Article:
Activism in Death
Two additional associated actions of Sayyida Fatima (sa)will be discussed that demonstrate how she persisted with her protest even in death. When the Prophet was on his deathbed, he confided in Sayyida Fatima (sa) that she would be the first from his Ahl al-Bayt to follow him soon after his demise. Sayyida Fatima (sa) thus knew that she did not have much time left. She next resorted to an extraordinary form of protest designed to eternalize its impact. In her testament, one of the instructions she gave Imam Ali (a) was that the new leaders who had usurped his right to the khilafat should not be allowed to participate in her funeral rites. Hence she asked to be buried in the dead of night, so that they do not learn of her death and burial until the next day.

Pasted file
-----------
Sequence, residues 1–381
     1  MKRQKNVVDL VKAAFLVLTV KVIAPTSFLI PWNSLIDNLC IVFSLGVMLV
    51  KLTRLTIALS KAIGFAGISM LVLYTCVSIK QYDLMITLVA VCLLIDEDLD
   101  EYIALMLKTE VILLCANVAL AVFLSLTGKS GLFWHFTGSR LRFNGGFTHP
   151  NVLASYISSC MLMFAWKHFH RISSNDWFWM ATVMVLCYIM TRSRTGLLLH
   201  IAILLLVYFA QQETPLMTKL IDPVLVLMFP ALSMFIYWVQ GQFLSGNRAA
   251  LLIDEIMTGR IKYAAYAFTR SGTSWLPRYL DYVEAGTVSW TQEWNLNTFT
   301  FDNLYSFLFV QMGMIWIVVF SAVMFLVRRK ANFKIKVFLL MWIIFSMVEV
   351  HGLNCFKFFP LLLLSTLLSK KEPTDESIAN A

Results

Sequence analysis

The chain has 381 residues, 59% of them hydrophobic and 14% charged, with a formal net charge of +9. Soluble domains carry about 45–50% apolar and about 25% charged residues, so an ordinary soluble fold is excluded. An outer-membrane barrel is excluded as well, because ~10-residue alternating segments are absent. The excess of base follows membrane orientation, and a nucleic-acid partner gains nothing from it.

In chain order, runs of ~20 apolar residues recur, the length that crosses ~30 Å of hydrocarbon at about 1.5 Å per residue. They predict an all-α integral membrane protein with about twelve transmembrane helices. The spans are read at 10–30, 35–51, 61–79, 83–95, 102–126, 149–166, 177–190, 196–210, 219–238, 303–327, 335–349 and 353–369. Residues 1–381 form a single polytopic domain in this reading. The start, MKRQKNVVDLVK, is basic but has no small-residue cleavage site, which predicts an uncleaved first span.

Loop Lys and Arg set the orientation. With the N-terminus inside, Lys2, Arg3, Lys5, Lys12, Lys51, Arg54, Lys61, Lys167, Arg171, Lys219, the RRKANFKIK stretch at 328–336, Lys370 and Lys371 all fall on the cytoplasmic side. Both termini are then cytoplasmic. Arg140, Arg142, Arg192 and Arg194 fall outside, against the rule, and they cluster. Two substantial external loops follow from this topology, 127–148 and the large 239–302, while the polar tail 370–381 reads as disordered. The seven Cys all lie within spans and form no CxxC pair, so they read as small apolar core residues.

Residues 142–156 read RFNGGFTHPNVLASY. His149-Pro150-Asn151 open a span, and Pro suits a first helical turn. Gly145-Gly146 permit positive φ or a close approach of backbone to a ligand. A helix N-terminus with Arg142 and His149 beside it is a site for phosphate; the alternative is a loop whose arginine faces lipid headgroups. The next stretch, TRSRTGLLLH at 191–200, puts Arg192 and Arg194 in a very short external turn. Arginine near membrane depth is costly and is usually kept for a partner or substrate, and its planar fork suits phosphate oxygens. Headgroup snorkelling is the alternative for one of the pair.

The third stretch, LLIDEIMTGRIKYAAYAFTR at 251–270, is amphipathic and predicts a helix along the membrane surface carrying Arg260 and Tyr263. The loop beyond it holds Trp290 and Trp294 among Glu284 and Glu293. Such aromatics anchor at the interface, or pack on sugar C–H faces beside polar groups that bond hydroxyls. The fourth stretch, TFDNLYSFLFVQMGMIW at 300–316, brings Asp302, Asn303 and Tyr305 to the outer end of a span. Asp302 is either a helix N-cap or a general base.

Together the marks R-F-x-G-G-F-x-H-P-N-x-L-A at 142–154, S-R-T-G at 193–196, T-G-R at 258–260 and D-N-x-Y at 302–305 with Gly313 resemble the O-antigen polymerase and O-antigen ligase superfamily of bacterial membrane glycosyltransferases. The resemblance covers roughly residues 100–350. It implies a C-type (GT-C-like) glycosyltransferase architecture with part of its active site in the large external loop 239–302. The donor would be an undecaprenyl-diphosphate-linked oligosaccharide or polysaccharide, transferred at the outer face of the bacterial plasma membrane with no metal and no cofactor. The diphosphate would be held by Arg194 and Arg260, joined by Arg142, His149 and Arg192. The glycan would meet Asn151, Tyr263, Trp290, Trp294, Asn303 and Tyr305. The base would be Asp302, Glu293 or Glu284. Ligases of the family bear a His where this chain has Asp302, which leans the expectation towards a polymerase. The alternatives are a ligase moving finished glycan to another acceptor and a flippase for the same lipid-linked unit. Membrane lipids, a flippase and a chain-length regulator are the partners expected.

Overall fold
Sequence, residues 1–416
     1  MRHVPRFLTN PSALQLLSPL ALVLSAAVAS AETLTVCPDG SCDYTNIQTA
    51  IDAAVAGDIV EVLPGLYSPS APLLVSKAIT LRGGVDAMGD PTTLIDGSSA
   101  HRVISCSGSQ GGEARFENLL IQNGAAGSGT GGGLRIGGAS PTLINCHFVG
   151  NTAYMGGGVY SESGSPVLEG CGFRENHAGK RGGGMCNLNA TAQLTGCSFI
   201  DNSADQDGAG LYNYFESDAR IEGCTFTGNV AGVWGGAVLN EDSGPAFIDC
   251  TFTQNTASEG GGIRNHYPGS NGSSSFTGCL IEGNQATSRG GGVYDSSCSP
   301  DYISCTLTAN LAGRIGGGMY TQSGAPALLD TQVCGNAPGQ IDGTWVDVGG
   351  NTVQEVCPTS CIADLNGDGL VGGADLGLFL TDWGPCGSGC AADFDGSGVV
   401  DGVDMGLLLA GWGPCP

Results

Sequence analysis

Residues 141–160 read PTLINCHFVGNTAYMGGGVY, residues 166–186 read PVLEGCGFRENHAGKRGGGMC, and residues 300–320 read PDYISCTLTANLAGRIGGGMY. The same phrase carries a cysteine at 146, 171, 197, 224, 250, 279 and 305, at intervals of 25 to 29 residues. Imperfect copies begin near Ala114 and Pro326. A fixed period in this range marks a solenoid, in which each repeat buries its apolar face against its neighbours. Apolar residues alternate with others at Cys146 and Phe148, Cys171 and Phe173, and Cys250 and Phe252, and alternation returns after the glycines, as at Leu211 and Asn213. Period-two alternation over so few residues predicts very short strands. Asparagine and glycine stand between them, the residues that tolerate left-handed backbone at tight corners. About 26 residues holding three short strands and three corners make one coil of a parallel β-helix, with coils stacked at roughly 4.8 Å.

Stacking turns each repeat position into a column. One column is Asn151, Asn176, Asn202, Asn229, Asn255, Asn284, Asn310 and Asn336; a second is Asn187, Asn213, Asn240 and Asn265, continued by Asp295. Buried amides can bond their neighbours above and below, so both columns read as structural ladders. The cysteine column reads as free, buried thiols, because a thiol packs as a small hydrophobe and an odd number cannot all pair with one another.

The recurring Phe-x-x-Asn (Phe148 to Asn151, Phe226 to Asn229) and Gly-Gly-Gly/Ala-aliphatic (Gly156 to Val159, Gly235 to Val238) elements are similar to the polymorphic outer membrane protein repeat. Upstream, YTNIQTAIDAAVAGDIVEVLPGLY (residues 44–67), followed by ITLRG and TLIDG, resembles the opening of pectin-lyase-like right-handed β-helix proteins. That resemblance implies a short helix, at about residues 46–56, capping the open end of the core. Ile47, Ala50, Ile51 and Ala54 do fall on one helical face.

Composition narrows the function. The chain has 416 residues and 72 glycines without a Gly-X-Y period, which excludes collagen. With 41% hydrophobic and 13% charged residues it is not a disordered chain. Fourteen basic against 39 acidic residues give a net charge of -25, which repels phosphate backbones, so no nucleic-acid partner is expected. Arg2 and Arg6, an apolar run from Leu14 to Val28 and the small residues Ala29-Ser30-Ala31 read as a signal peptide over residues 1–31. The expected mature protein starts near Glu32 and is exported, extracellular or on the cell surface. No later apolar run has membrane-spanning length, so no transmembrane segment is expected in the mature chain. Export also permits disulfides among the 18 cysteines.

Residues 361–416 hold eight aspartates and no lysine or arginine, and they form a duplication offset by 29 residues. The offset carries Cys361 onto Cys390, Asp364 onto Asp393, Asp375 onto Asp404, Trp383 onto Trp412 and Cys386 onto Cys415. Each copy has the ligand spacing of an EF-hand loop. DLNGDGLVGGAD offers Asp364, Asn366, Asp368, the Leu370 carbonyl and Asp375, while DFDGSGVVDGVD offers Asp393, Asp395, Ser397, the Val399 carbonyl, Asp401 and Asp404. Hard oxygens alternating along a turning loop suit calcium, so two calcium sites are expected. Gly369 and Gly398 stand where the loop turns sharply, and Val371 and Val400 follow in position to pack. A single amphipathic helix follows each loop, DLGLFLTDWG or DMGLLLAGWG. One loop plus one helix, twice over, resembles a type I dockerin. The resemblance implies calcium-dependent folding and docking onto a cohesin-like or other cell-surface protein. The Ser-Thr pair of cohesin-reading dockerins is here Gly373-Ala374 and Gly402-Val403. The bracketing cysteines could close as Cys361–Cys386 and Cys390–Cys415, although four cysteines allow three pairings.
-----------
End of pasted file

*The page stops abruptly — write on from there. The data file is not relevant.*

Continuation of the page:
One other instruction in her testament was that her grave should be flattened so that her burial site remains a secret, hidden from the new leaders (mystery still surrounds the place of her burial; three possible places are mentioned, though Jannat al-Baqee is thought to be the most likely). At first sight, these instructions are highly unusual for any Muslim to give, let alone for the daughter of the Prophet. Muslims are obligated to perform ghusl and conduct the burial of a dead believer and none is absolved from these obligations until some members of the community come forward to fulfil them. However, she knew that the Medinites would wonder aloud why the daughter of their Prophet had been buried secretly which is exactly what Sayyida Fatima (sa) wanted; the inquiry would awaken their consciences and lead to the realization of the injustices that had been done to her. Her protest, in fact, constituted a classic instance of the practice of tabarrah, that is, avowed disassociation with the wrongful actions of the enemies of the Ahl al-Bayt.